The trouble with this one is that it gets too heated in the cut and thrust of the debate, myself included. So, I want to avoid that, and just do something that involves mater-of-fact (but hopefully quality) analysis of statistics. As I said, this site often gets out of hand, myself included.


A5 plans on track – McGuinness

The major cross-Border A5 road link thought to have been effectively shelved by the Government is back on track, Martin McGuinness has said.

The Deputy First Minister made the comment after he and his government partner, First Minister Peter Robinson, held talks with Taoiseach Enda Kenny. The Stormont leaders were in Dublin attending the inauguration of President Michael D Higgins, but also held talks on the stalled road plan with Mr Kenny.

“It is far from dead and I think as a result of our discussions today we are greatly heartened by what we have heard and we look forward to completing some work between ourselves and the Taoiseach over the course of the coming days.” The Sinn Féin representative added: “I think it is fair to say it’s back on track.”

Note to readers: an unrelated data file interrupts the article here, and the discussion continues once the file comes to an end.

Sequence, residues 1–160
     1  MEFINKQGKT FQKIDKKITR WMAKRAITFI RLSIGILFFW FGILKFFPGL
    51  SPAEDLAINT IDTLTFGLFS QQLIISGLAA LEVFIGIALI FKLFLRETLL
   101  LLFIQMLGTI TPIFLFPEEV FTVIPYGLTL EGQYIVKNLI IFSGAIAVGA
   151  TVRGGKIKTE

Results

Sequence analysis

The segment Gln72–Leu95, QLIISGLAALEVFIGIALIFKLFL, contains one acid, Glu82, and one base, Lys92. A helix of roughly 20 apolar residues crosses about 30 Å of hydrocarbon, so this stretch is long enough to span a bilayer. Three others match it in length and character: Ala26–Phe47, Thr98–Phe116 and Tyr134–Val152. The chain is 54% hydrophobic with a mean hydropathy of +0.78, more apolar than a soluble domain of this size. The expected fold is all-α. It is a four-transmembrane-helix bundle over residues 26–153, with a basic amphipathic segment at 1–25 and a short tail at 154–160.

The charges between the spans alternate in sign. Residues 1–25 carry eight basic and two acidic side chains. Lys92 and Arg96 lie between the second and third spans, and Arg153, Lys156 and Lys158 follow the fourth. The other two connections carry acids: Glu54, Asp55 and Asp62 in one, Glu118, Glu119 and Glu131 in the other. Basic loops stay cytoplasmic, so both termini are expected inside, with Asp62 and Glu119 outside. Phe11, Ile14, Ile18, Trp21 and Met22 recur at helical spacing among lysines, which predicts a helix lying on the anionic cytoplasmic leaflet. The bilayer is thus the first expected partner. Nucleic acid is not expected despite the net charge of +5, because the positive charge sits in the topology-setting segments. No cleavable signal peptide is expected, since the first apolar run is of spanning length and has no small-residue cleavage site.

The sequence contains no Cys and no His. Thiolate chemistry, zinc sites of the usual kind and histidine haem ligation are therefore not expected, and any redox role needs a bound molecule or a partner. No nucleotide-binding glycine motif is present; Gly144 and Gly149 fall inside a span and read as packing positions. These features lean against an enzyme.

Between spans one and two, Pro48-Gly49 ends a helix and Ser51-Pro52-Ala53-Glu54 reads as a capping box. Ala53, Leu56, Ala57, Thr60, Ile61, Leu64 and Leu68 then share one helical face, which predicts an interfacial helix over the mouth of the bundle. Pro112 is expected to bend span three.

@All – I would very much prefer if people contributing to this discussion (and other discussions) would refrain from insults and insinuations. It should be perfectly possible to have a civilised discussion about these issues.

Back to the topic:
Donegal undoubtedly suffers from relative remoteness that is exacerbated by the border (as does Fermanagh). In that context it is justified to consider solutions. However, in my view the current plans for the A5 are not an optimal solution (apart from the fact that we can’t afford them right now):
1. This plan is overspecified (dual carriageway all the way) because other projects in the Republic have also been overspecified (M9, M3). Using the UK criteria for road building and the traffic projections produced by the contractor the section between the Border and Omagh should only have a single lane road on it (that would save money).